Singapore Watchdog Bans Former Goldman Sachs Man For 10 Years Over 1MDB Links
The Monetary Authority of Singapore is continuing to crack down on alleged money laundering connected to 1Malaysia Development Berhad.
Singapore authorities this week slapped a former Goldman Sachs director who was affiliated with the scandal-hit 1MDB fund with a prohibition order banning him from carrying out certain regulated activities for 10 years.
The Monetary Authority of Singapore on Monday said it had issued a 10-year prohibition order against Tim Leissner, a former director at the Wall Street giant who had dealings with 1Malaysia Development Berhad, more commonly known as 1MDB. The state-owned investment fund is currently the subject of probes into alleged money laundering in at least six countries including Singapore, the US, Switzerland and Australia.
Singapore’s financial watchdog did not delve into detail about Leissner’s connection to 1MDB, however.
“Following careful consideration of the representations made by Mr Leissner and the relevant facts, MAS has decided to issue a PO for a period of 10 years against Mr Leissner with effect from 13 March 2017,” the regulator said in a statement.
As a result, Leissner is prohibited from performing any regulated activity under the Securities and Futures Act, and taking part, directly or indirectly, in the management of any capital market services firm in Singapore.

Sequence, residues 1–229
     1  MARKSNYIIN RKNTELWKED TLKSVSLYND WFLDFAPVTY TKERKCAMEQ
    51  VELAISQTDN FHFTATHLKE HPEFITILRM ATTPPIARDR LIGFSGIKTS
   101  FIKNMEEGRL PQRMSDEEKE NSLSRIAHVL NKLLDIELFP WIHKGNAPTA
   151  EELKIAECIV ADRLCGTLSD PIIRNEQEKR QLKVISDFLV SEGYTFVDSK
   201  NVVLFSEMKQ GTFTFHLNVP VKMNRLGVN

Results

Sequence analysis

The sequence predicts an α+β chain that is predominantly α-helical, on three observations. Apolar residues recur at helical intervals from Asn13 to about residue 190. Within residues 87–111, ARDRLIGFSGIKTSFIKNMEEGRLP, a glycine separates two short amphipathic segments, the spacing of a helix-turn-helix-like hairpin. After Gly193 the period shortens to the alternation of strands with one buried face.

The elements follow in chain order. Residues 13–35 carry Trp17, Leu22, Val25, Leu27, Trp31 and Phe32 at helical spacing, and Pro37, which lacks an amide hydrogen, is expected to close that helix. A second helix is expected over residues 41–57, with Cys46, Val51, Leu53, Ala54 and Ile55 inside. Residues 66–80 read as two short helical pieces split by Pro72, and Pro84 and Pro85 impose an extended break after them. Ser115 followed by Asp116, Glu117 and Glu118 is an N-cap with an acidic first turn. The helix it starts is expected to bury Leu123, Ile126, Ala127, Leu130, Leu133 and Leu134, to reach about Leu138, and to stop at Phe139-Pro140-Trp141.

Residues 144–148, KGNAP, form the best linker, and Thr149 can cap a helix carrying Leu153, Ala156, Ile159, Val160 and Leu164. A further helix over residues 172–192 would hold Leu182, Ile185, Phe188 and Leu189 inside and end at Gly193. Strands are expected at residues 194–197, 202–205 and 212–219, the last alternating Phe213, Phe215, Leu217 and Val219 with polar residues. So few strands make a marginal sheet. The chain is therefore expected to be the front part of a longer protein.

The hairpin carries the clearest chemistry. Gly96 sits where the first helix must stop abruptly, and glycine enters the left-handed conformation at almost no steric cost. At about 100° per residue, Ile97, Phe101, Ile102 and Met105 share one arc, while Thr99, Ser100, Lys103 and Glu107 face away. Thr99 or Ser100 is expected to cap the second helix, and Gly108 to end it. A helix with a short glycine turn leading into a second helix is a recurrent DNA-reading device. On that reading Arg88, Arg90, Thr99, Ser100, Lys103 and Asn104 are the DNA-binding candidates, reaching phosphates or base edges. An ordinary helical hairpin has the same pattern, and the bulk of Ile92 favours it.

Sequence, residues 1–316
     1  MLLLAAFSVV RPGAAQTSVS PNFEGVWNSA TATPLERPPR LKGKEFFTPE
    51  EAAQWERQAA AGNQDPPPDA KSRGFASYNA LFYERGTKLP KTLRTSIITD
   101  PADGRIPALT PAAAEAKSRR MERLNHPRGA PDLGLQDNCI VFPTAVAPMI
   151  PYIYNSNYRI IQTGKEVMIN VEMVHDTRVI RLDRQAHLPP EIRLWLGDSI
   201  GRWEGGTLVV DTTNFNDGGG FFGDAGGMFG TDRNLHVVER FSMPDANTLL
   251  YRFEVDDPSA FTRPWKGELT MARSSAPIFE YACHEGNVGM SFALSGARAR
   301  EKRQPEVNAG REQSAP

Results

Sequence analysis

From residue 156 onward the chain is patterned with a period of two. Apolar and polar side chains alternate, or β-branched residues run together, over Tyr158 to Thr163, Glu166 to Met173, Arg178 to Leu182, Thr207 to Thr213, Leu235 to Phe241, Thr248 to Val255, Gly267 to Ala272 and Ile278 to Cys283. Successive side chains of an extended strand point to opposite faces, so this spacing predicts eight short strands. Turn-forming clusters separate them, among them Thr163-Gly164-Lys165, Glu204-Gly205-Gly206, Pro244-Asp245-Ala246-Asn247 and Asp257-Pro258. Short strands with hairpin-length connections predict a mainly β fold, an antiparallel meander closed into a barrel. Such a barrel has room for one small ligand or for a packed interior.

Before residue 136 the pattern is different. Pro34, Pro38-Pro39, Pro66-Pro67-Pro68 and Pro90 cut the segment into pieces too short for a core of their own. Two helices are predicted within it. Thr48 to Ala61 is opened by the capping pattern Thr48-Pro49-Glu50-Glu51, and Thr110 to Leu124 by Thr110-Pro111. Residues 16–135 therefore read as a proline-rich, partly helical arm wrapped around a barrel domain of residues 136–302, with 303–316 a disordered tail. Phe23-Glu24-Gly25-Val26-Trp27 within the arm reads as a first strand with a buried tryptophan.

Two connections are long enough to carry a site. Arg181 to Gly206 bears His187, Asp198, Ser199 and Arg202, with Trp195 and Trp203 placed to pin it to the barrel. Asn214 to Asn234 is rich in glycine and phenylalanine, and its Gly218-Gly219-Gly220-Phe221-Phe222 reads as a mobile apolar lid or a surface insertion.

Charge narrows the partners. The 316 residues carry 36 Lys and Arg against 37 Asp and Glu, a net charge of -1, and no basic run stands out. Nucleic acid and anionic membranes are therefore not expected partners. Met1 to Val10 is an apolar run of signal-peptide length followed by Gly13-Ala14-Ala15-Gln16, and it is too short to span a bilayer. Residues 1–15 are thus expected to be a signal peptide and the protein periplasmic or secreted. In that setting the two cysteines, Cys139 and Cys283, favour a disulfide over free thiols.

MAS first announced its intention to issue the prohibition order against Leissner in December and invited him to submit a written response explaining why he should not be penalised.
Separately, MAS in 2015 found that Leissner wrote an unauthorised letter to a Luxembourg-based financial institution and made false statements on behalf of Goldman Sachs’ Asia unit without its knowledge.
In recent times, Singapore’s financial watchdog – like its counterparts across the world - has been hot on the heels of those accused of siphoning money from 1MDB in a global game of investments hide-and-seek.
Last month, authorities in the city-state seized a $50 million private jet that belonged to Low Taek Jho, a Malaysian financier with Hollywood ties who is at the epicentre of worldwide probes into potential money laundering. Low’s Bombardier Global 5000 jet was grounded and impounded at Singapore’s Seletar Airport.
Meanwhile, a US federal judge last month approved a plan proposed by the Department of Justice to sell off Low’s stake in Manhattan’s Park Lane Hotel, one of his family’s assets forming some $1 billion allegedly acquired with funds stolen from 1MDB.
The DoJ alleged that Low used dirty money to purchase his 55 per cent stake in Park Lane Hotel. His stake in the hotel is said to be his family's largest asset that the US is seeking to seize.
The Low family's assets include a $107 million interest in EMI Music Publishing, a $50 million Bombardier jet, and a $30 million penthouse at Time Warner Centre in New York.
However, a spanner was thrown into the works when a New Zealand court in January ruled that Low's family could change trustees holding their assets, a decision that could see the financier sidestep US authorities' seizure attempts.